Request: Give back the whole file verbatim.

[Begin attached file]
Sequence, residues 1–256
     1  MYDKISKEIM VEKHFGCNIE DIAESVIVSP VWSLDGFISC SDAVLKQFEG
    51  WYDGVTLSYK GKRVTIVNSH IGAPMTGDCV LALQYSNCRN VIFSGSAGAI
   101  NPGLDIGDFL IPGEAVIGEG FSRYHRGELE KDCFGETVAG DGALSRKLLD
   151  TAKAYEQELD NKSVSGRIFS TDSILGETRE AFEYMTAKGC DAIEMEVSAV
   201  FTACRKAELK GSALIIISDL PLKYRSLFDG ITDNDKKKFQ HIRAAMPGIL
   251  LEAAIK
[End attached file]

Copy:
Sequence, residues 1–256
     1  MYDKISKEIM VEKHFGCNIE DIAESVIVSP VWSLDGFISC SDAVLKQFEG
    51  WYDGVTLSYK GKRVTIVNSH IGAPMTGDCV LALQYSNCRN VIFSGSAGAI
   101  NPGLDIGDFL IPGEAVIGEG FSRYHRGELE KDCFGETVAG DGALSRKLLD
   151  TAKAYEQELD NKSVSGRIFS TDSILGETRE AFEYMTAKGC DAIEMEVSAV
   201  FTACRKAELK GSALIIISDL PLKYRSLFDG ITDNDKKKFQ HIRAAMPGIL
   251  LEAAIK